Wednesday, 5 June 2013

play = two small piles of woodchips


By: Anna

My family's favorite neighborhood playground was recently completely redesigned. At one of the first community planning meetings, I mentioned that wood chips are some of the best “stuff” of play. Imagine the odd looks. Really? Who is this crazy person? And please remind me why we allow these meetings to be open to the public? WHY?  

Woodchips? They go on the ground to cushion children’s falls. They are environmentally sustainable because the town breaks down “used” Christmas trees to make them. But, woodchips for play? No. Play happens on slides, on swings, and on the really cool rope structures that spin.

And, of course, it does. But, what I tried to explain to the committee is that the types of play that evolve when we afford children loose parts such as woodchips, are quite different from play that happens on swings and slides. All varieties of play are important, but they are not the same and the differences are critical. When woodchips are combined with other aspects of the playground, play reaches a “tipping point” of sorts. Children expand their thinking away from the permanent, static structures of the space, and a new type of play begins.

Case in point: Last week, my “3 and 5/6” year-old-daughter Eliza and I stopped at a playground after school. We had twenty minutes to spare before picking up my older daughter. The clouds were moving in, a storm was brewing, and our adventure was just beginning.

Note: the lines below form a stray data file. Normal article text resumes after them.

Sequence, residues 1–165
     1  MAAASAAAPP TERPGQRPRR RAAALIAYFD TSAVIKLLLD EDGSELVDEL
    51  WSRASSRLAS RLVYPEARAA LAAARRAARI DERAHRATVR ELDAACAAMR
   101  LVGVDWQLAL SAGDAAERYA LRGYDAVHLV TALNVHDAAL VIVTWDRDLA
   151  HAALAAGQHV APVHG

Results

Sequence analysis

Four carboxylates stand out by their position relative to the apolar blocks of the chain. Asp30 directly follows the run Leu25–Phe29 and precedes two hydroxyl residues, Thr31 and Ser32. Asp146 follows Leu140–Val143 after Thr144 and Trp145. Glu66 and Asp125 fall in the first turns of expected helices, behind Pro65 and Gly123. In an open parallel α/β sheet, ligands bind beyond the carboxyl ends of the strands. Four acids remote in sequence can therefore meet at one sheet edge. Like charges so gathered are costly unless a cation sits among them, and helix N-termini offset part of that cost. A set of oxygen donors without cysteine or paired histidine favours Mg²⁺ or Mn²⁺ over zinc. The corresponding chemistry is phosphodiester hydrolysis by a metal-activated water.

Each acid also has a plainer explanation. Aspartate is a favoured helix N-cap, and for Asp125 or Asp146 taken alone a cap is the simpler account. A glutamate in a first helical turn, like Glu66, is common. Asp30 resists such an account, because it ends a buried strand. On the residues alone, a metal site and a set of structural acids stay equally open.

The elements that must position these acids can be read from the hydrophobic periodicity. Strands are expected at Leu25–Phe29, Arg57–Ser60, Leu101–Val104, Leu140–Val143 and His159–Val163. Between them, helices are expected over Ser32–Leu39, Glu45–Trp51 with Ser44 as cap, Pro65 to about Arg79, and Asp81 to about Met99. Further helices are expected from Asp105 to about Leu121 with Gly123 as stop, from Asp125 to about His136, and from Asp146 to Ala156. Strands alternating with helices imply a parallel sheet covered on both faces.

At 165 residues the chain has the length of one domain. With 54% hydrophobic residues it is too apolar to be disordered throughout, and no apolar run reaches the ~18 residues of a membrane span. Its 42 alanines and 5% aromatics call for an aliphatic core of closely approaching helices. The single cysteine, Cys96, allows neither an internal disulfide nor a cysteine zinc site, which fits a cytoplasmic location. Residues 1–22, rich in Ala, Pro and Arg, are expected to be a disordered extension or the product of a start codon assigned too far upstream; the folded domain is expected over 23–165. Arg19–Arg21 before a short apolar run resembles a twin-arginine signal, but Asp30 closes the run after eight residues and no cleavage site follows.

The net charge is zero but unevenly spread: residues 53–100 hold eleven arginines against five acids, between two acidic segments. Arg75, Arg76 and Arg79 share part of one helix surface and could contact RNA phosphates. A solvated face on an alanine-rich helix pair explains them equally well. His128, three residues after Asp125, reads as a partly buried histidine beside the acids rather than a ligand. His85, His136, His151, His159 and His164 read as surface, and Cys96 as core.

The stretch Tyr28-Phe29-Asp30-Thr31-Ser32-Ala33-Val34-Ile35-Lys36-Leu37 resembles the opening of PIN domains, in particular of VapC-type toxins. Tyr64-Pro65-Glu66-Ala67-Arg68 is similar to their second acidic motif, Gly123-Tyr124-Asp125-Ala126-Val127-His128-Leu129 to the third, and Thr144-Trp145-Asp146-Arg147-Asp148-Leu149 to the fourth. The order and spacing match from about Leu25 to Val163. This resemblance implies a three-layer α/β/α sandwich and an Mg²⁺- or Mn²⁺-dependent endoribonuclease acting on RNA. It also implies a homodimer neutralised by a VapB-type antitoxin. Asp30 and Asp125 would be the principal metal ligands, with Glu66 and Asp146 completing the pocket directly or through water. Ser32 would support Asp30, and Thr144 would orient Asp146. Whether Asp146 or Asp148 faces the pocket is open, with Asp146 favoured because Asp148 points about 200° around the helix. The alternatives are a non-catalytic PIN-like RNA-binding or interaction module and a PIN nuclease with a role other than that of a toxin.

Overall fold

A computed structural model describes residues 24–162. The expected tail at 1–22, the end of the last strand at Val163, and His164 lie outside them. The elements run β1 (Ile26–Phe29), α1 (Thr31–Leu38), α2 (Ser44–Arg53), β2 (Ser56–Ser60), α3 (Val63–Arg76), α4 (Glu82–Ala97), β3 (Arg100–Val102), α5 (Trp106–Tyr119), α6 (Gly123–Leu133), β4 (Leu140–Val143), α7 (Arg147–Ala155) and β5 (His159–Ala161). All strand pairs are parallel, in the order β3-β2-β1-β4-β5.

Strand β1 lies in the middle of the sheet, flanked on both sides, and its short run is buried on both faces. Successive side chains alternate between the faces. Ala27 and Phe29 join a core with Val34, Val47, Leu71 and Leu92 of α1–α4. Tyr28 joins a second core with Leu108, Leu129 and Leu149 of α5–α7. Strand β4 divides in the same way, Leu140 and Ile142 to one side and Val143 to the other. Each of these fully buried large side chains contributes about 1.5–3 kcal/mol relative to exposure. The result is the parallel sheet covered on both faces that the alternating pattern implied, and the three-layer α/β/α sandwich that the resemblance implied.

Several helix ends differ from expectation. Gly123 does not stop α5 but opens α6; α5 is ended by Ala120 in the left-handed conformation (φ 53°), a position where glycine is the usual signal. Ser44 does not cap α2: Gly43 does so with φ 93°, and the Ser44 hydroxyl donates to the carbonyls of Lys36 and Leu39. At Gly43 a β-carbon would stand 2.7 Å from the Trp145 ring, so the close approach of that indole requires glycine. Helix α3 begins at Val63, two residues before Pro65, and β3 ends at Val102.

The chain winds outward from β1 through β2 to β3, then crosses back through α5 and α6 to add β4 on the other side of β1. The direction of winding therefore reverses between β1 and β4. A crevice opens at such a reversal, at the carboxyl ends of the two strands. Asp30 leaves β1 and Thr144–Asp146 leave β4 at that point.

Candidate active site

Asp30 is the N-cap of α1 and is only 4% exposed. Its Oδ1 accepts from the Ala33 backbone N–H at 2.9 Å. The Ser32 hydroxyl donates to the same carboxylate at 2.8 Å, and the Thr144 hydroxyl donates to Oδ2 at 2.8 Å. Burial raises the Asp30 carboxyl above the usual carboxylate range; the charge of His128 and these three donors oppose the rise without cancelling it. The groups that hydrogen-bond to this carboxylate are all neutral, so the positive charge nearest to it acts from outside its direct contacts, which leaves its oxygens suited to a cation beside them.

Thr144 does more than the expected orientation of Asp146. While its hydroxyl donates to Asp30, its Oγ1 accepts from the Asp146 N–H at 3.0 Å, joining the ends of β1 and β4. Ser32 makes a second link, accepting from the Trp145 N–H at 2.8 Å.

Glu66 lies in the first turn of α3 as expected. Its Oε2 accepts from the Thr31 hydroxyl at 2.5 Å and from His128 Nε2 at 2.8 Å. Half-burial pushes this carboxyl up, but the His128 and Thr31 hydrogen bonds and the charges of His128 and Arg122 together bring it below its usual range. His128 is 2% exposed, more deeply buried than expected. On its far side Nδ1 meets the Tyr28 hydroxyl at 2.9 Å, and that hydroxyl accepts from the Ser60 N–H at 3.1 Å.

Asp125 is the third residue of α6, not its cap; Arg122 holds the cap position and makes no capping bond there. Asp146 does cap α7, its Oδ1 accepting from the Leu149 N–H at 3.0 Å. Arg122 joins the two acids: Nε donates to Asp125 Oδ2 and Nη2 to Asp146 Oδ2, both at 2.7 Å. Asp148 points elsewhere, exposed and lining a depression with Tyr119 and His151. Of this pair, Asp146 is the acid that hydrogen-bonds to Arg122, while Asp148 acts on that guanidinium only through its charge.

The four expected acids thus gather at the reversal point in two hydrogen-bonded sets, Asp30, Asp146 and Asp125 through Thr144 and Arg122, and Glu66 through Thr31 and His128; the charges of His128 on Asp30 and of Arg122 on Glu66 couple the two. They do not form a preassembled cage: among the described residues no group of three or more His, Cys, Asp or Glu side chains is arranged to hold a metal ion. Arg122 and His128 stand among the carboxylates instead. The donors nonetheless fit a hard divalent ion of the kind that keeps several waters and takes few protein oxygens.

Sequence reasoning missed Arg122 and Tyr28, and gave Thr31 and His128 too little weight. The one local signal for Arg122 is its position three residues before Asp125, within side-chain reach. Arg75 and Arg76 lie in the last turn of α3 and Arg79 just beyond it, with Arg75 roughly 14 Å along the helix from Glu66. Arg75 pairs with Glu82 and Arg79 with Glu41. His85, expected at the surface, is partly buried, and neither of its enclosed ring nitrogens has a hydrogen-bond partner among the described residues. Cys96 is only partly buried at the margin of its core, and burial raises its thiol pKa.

Eliza said we were going to New York City so I should quickly jump on the wooden fire truck.  She drove. I sat in the back because I was the little kid. “But where are the babies?” Eliza asked.

“We have babies?”

“Yes, these are the babies,” Eliza replied, as if it had always been this way. She made two small piles of woodchips next to me on my seat in the back of the fire truck. The babies were hungry so we fed them. They were tired so they cried loudly and then fell asleep. But when we arrived in NYC, Eliza was concerned. “How will we take the babies with us?”

Luckily, we had Eliza’s plastic sandwich container with us, having just finished her leftover lunch on our “journey to NYC.” She carefully tucked the woodchips into their beds in the container, I placed the container safely on the floor of our real car, and we drove away. As the rain fell hard around us, pounding the windshield, we were all dry and happy – even the babies.

play = two small piles of woodchips

Eliza holding one of her baby woodchips,
which she later decided looked more like a fish. 


Learn more about how to support child-directed play with loose parts at www.popupadventureplay.org.

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